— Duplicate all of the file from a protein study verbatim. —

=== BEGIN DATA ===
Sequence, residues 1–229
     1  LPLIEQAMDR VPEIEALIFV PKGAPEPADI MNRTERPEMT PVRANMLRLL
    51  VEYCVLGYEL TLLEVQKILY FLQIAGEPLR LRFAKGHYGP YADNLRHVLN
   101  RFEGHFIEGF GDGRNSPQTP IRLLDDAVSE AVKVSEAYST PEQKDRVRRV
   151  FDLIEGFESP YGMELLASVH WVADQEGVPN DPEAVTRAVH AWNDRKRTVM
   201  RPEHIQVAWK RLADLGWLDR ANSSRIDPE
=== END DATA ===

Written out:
Sequence, residues 1–229
     1  LPLIEQAMDR VPEIEALIFV PKGAPEPADI MNRTERPEMT PVRANMLRLL
    51  VEYCVLGYEL TLLEVQKILY FLQIAGEPLR LRFAKGHYGP YADNLRHVLN
   101  RFEGHFIEGF GDGRNSPQTP IRLLDDAVSE AVKVSEAYST PEQKDRVRRV
   151  FDLIEGFESP YGMELLASVH WVADQEGVPN DPEAVTRAVH AWNDRKRTVM
   201  RPEHIQVAWK RLADLGWLDR ANSSRIDPE